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  5. "Er läßt die Hemden im Haus."

"Er läßt die Hemden im Haus."

Translation:He leaves the shirts in the house.

January 7, 2013



According to current German grammar, it is "Er lässt die Hemden im Haus." As for ss - ß: Long vowels precede the "ß", short vowels precede "ss". Example: "Er isst" (He eats), "Er aß" (He ate) In general, ß has widely been replaced by ss in the last spelling reform, unless it is necessary to denote that the preceding vowel is long. (Ex. Straße, Fußball, Buße) Where the glyph "ß" is not available, "ss" is allowed aswell. For instance when capitalizing ("STRASSE", similar to ae, oe, ue as replacement for ä,ö,ü)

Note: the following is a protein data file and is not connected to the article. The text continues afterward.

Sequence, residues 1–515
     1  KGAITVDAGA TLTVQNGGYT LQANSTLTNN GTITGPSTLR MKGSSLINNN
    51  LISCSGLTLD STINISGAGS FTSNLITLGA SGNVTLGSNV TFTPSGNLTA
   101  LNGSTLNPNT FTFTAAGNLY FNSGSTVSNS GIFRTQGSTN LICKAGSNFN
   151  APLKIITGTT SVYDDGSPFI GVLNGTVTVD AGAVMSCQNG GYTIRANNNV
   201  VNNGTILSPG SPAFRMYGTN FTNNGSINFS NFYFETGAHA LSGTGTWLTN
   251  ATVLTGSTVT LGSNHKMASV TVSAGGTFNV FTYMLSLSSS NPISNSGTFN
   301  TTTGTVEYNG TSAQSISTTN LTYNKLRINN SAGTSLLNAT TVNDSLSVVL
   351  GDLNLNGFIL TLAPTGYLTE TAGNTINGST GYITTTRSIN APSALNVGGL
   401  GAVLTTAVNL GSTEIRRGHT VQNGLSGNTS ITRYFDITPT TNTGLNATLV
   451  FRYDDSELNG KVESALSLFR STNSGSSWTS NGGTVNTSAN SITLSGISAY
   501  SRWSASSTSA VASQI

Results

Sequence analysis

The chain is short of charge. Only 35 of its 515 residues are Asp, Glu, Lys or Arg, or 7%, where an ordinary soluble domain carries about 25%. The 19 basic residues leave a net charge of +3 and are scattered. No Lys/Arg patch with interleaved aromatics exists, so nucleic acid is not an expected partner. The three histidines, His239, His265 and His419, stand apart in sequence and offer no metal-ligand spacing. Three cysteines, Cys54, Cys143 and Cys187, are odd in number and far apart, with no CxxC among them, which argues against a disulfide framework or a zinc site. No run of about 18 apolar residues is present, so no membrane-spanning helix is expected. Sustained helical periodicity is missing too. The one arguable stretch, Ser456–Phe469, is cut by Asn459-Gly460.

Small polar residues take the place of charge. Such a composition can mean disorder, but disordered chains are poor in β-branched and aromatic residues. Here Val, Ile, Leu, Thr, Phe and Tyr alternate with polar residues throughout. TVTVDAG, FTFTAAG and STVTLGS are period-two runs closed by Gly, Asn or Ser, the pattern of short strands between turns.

It is "lässt"! New German grammar, user nicofs is right :-)


Yeah, seems like it should be lässt these days.


I've looked under the different conjugations of lassen, and läßt does not show up anywhere - the preterite is ließ - so which tense is this, exactly?


I think it is the simple present tense. That is, "er lässt" using "ss" instead of "ß".

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